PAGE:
MANILA, Philippines - The Ninoy Aquino International Airport (NAIA) Terminal 3 will be open to five international airlines starting in August as alternative gateway to the country, an airport official announced yesterday.
NAIA general manager Jose Angel Honrado said the opening of Terminal 3 for international flights will help decongest NAIA Terminal 1, which is currently undergoing renovation.
“The opening of Terminal 3 is part of the alternative program being implemented in the civil aviation industry,” Honrado told reporters during the weekly Kapihan sa Diamond Hotel media forum in Manila.
He said international carriers Delta Airlines, Singapore Airlines, Cathay Pacific, Emirates Airlines and KLM would start operations at NAIA-3 by August.
He said the installation of closed circuit television cameras and other projects to improve the airport are expected to be completed next month.
Honrado also said that they have addressed the air-conditioning problem at Terminal 1 where the renovation has been ongoing since January.
He admitted that the main terminal’s running capacity was already saturated and there is need to open new alternative gateways to Metro Manila.
Among the areas being considered is the Clark International Airport in
Angeles City, Sangley Point in Cavite and a proposed airport to be constructed at a reclaimed portion of Manila Bay that is being planned by a private group.
Honrado said the international standard for a new gateway is that it should be around an hour’s travel from the key city of the country.
In the case of Clark, he said travel time from the terminal in Pampanga to Manila via the North Luzon Expressway could satisfy international standards but the traffic congestion in other parts of
Metro Manila could affect travel time.
Honrado also blamed the lack of night travel capability of key provincial airports as the main cause of congestion at the NAIA from early morning to late afternoon.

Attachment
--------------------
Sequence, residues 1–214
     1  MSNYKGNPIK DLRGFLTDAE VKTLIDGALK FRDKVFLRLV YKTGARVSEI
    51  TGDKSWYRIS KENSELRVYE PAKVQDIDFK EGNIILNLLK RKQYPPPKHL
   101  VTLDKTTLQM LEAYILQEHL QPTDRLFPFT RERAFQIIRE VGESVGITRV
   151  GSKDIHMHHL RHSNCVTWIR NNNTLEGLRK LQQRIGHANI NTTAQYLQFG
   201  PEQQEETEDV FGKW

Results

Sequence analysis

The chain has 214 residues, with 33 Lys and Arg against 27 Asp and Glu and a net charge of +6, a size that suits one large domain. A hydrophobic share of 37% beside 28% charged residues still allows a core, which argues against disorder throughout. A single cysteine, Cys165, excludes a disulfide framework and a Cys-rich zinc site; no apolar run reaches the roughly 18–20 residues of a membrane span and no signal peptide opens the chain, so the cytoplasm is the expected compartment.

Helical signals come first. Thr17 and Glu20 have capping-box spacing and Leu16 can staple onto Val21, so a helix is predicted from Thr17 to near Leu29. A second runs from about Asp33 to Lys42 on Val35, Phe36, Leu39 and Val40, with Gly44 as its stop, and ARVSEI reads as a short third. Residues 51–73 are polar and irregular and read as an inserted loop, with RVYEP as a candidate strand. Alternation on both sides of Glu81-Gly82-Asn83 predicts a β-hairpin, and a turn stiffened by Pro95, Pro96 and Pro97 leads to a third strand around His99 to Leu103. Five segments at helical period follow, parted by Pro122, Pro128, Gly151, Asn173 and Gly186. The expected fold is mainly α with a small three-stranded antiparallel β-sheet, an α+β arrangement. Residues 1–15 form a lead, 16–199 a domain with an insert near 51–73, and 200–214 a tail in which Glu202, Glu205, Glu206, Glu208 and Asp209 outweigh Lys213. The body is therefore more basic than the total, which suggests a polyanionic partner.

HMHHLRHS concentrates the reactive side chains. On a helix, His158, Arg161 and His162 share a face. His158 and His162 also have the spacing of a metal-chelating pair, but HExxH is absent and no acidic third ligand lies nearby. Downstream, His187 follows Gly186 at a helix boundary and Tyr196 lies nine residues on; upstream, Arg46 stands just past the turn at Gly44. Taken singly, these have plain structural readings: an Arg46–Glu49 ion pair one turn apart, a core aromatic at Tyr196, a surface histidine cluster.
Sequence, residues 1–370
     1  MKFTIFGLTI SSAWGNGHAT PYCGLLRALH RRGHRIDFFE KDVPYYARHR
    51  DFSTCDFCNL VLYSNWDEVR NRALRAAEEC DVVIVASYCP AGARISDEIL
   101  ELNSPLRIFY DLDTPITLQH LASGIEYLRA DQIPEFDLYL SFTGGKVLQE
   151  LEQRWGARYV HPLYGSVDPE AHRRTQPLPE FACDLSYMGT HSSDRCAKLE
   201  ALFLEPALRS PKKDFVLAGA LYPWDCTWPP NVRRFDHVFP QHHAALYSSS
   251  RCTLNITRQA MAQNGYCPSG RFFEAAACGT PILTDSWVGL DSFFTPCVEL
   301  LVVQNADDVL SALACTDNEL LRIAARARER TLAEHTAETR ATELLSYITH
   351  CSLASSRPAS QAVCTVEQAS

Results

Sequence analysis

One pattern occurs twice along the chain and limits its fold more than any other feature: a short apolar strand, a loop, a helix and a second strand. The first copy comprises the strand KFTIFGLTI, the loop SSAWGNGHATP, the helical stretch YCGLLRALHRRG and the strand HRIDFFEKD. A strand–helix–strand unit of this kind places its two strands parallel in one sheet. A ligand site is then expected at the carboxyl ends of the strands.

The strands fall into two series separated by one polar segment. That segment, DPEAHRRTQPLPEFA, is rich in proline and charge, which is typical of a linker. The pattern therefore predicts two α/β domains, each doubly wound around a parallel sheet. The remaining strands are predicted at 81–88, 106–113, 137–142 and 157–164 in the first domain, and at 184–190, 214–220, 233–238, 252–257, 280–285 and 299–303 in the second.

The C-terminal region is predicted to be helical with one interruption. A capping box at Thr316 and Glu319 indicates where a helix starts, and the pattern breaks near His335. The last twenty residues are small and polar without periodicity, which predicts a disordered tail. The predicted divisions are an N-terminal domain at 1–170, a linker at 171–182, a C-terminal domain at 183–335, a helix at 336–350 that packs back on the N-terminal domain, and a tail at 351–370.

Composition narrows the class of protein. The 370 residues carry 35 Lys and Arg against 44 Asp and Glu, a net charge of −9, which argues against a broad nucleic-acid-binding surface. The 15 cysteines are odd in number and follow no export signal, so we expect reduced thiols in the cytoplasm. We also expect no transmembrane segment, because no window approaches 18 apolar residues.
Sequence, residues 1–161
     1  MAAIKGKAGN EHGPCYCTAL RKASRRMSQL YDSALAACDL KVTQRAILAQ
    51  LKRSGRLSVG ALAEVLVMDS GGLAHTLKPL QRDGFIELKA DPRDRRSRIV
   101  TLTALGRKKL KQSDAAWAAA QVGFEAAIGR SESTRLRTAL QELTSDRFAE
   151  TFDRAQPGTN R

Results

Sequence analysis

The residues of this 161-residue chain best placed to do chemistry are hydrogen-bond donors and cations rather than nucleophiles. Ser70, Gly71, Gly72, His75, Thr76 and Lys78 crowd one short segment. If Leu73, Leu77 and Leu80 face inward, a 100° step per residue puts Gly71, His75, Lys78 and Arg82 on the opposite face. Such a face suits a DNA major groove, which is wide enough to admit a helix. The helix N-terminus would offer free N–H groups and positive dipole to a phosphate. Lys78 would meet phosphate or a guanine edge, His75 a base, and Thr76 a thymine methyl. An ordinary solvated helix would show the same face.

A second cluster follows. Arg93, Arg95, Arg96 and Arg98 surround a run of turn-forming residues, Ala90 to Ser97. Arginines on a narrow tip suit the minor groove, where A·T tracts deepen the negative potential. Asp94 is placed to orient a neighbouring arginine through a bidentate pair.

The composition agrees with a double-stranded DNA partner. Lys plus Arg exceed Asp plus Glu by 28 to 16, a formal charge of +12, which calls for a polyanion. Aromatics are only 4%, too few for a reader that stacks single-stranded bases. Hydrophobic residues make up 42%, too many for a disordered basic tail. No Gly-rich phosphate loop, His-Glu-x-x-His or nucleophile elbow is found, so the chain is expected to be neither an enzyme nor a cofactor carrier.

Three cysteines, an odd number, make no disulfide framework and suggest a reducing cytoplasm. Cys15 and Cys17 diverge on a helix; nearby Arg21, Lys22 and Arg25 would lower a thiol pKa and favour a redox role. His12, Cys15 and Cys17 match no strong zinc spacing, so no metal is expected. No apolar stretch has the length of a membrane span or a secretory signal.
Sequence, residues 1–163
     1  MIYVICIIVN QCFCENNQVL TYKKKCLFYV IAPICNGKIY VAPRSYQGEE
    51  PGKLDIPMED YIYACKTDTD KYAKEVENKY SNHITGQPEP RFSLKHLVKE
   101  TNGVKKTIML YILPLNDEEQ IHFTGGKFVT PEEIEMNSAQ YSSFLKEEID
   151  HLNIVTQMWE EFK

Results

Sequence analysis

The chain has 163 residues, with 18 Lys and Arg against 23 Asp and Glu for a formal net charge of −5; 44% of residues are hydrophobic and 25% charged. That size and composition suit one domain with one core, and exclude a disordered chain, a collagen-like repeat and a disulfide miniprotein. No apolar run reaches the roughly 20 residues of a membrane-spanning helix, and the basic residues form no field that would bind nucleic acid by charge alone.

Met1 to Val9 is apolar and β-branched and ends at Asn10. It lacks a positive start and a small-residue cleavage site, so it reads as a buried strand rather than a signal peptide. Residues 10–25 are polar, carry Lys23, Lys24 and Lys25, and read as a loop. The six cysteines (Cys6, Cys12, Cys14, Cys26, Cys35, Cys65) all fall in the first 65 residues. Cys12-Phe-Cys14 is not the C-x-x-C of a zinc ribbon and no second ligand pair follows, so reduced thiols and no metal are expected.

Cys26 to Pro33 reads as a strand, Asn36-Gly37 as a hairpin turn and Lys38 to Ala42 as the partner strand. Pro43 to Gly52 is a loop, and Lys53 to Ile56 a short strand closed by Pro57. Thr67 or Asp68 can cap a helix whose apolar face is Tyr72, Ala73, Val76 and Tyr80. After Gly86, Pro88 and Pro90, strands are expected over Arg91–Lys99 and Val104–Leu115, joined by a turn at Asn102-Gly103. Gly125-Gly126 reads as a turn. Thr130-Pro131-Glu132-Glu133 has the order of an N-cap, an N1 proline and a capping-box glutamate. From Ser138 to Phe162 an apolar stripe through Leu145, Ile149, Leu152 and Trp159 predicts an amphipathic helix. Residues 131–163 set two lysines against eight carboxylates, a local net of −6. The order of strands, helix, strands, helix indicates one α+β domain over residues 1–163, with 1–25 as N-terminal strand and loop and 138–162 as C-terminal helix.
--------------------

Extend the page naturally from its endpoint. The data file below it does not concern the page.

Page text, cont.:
He cited Caticlan airport, gateway to Boracay island, which could only accommodate daytime flights, forcing passengers – mostly foreign tourists – to stay in Manila overnight before they could board their planes to the famous resort island.
Honrado said domestic flights would continue at the Manila Domestic Airport (NAIA 4), now home base of the two local airliners plying domestic routes.
Warning to HK travelers
Filipino travelers as well as transit passengers to Hong Kong, especially seafarers, were asked to refrain from bringing restricted items, particularly stun devices, in their hand carried and check-in luggage.
Vicente Guerzon, Manila International Airport Authority (MIAA) assistant general manager for security and emergency services, said that the Philippine consulate general in Hong Kong through their website has received information from Hong Kong police that some Filipino travelers were arrested and convicted for possession of prohibited items such as tear gas, ammunition, flick knives, extended batons, stun guns and bullets made into souvenirs or amulets.
The Hong Kong police have arrested 14 Filipinos, including 13 seafarers, in 2013 for possession of illegal devices while in 2012, law enforcers in the Chinese territory nabbed 57 airline passengers.
Hong Kong courts impose fines of up to HK$100,000 or about $13,333 and a maximum prison sentence of 14 years.
Guerzon, together with Jess Martinez, assistant head of MIAA media affairs, issued the directive to members of the Office for Transportation Security (OTS) manning X-ray machines at the NAIA terminals to be strict and confiscate any stun devices that could jeopardize Filipinos bound for Hong Kong.
Authorities also gave the directive to all foreign airlines and the Philippine Overseas Employment Administration. – With Rudy Santos